Ignoring the fact that I was never actually swept up in my envisioned social whirlwind (due to my inherent loner tendencies and the reality that it was so freezing cold six months out of the year that I left my apartment only to go to work and Blockbuster), the whisky did not go down as smashing a treat as I had imagined.  Oh, I did have people over, but I quickly discovered that the offer of whisky was far less compelling than the offer of beer, wine, or a vodka mixer (all of which I fortunately kept on hand).  It turned out to be a good thing I never sprung for a proper whisky tumbler, after all, as I couldn’t convince anyone to drink the stuff. (more…)

Most of us love a good dive bar, and I’m no different.  Cheap drinks, bad lighting, nasty bathrooms, and a jovial atmosphere are par for the course, be you in Bangkok, Trondheim, or Pardee, Idaho.  Normally, I wouldn’t bother highlighting a dive bar, given the seen-one-seen-’em-all nature of the beast, but I was sufficiently impressed by the sheer dive-i-ness (divity?) of this bar I visited on my trip home for the holidays that I felt compelled to share a couple of pictures.  I’m going to call this bar The Duke.

The Duke has been around for a while, long enough to be something of an institution.  Its unapologetically seedy exterior and relative lack of windows have led many to mistake it for a fourth-rate strip club or an abandoned building (I have heard both), but it is, in fact, a hardcore drinkers’ haven by day and a draw to college students by night.

The Duke has a reputation for the strongest Long Island Iced Teas around, which is no mean feat in my hometown.  It is also notable for being one of the few establishments to escape the city-wide smoking ban, and so has enjoyed a resurgence among the middle-classes of late, which is why I was summoned there on Christmas night for drinks. (more…)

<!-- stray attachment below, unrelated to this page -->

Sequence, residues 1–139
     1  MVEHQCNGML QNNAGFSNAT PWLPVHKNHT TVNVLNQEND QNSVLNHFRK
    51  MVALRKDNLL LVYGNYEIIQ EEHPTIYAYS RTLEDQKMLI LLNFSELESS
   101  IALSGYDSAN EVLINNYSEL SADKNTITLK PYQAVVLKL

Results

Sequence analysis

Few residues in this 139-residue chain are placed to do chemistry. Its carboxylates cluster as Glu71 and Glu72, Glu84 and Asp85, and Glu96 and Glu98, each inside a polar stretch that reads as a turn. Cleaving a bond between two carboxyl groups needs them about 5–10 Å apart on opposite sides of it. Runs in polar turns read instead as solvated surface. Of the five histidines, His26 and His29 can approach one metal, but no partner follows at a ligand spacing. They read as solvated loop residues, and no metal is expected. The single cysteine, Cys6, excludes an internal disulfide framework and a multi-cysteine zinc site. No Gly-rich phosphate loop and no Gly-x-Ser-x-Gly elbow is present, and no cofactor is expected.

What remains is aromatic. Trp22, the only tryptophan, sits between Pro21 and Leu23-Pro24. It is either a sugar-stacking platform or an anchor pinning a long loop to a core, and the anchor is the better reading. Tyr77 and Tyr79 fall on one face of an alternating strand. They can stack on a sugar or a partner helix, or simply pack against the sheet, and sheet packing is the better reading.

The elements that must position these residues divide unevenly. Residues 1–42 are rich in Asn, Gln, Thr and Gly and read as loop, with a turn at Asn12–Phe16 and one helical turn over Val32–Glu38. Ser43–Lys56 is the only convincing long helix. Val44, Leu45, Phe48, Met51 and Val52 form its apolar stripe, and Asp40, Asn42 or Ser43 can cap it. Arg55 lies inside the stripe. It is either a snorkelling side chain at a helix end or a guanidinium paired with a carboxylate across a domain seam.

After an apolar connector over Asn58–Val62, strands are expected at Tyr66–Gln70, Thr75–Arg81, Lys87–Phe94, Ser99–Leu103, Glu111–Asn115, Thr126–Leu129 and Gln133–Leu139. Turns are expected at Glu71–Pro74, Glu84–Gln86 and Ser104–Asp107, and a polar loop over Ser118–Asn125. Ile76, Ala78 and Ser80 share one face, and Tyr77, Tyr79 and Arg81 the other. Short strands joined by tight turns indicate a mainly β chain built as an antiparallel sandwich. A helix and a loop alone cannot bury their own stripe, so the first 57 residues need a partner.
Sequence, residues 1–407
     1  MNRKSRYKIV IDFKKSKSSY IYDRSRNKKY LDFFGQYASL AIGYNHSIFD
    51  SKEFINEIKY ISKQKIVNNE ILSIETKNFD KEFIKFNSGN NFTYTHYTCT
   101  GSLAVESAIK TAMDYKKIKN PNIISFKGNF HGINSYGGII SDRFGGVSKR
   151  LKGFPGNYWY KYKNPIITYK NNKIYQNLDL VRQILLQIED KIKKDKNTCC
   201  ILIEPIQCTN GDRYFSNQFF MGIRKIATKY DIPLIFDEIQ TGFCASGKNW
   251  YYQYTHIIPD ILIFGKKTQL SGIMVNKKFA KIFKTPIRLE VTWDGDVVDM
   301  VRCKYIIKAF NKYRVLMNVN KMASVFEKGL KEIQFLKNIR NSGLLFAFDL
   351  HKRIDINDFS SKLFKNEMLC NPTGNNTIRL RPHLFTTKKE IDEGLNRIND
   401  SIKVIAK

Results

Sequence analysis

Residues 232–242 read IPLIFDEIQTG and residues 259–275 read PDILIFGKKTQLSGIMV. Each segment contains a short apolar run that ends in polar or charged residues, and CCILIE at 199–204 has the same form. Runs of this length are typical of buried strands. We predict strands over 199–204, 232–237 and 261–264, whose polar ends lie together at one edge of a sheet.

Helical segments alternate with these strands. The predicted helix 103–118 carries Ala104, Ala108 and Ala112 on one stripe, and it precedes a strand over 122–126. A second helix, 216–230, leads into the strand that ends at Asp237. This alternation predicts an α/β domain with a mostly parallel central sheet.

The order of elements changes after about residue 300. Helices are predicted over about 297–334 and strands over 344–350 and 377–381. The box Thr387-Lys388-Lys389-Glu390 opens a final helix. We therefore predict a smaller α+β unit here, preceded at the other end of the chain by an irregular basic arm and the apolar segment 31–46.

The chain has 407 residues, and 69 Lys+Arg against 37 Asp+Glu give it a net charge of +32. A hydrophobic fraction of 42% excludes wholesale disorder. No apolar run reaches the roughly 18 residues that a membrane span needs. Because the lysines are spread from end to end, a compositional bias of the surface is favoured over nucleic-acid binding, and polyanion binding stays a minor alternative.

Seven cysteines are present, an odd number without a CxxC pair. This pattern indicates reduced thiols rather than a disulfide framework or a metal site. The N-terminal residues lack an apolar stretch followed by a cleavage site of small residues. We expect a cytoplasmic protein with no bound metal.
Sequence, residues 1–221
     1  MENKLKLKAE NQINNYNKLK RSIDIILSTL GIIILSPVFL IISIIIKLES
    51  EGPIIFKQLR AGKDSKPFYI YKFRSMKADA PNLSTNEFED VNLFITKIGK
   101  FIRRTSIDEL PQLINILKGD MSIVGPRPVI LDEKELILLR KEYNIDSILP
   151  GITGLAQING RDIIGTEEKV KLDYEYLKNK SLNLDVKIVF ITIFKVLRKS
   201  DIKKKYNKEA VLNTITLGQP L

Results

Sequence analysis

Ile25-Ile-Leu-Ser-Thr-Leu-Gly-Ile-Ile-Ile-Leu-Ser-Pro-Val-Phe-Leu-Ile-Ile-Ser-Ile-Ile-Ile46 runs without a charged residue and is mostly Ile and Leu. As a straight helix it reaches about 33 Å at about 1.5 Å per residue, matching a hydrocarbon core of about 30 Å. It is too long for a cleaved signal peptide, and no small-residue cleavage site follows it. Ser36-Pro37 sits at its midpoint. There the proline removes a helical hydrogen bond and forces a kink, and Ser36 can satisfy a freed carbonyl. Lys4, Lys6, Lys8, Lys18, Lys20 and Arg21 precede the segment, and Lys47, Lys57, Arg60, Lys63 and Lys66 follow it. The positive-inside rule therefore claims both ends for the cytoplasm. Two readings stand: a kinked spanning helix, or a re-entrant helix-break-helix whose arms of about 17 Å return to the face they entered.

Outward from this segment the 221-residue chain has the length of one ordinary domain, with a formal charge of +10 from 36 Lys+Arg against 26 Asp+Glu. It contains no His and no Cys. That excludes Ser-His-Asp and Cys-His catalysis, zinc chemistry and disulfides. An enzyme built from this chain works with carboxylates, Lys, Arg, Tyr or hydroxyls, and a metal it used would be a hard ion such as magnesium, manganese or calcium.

In actuality, Kadinsky and I spent Thanksgiving week on a cold and windy, four-city European jaunt.  We’ll try to bring you the highlights later in the week, as we recover from our excesses and the approximate 48 hours we spent just in transit.  I called my mom last night to get the family Thanksgiving news, and spent most of yesterday reading my various websites to catch up on internet gossip and general idiocy (Muppets sing Bohemian Rhapsody!  Famewhores crash the White House!  Tiger Woods in domestic incident car crash!  All standard internet fare). 

Fortunately, what didn’t pass me by was a little story out of Scotland, my former home-away-from-home, about BrewDog Beer (a brewery in the northern town of Fraserburgh) and the release of their newest beer, known as Tactical Nuclear Penguin.  The £30-a-bottle, limited-edition beer has been released with a whopping 32% alcohol content:

A warning on the label states: “This is an extremely strong beer; it should be enjoyed in small servings and with an air of aristocratic nonchalance. In exactly the same manner that you would enjoy a fine whisky, a Frank Zappa album or a visit from a friendly yet anxious ghost.”

However Jack Law, of Alcohol Focus Scotland, described it was a “cynical marketing ploy” and said: “We want to know why a brewer would produce a beer almost as strong as whisky.” (more…)